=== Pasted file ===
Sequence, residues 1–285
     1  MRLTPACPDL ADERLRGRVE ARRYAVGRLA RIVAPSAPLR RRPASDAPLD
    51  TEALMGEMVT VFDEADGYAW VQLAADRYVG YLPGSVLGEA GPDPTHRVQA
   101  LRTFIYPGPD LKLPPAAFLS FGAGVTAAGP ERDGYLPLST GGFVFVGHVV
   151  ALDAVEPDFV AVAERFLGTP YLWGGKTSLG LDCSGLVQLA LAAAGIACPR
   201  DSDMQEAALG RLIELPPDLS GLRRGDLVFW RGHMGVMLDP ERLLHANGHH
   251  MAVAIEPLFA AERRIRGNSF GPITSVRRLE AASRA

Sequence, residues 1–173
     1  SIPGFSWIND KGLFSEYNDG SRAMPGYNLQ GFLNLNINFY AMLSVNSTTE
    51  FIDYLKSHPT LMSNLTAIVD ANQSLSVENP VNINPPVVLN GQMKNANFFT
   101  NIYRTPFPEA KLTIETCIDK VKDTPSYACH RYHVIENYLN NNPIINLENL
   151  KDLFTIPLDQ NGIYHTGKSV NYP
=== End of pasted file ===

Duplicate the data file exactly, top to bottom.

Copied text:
Sequence, residues 1–285
     1  MRLTPACPDL ADERLRGRVE ARRYAVGRLA RIVAPSAPLR RRPASDAPLD
    51  TEALMGEMVT VFDEADGYAW VQLAADRYVG YLPGSVLGEA GPDPTHRVQA
   101  LRTFIYPGPD LKLPPAAFLS FGAGVTAAGP ERDGYLPLST GGFVFVGHVV
   151  ALDAVEPDFV AVAERFLGTP YLWGGKTSLG LDCSGLVQLA LAAAGIACPR
   201  DSDMQEAALG RLIELPPDLS GLRRGDLVFW RGHMGVMLDP ERLLHANGHH
   251  MAVAIEPLFA AERRIRGNSF GPITSVRRLE AASRA

Sequence, residues 1–173
     1  SIPGFSWIND KGLFSEYNDG SRAMPGYNLQ GFLNLNINFY AMLSVNSTTE
    51  FIDYLKSHPT LMSNLTAIVD ANQSLSVENP VNINPPVVLN GQMKNANFFT
   101  NIYRTPFPEA KLTIETCIDK VKDTPSYACH RYHVIENYLN NNPIINLENL
   151  KDLFTIPLDQ NGIYHTGKSV NYP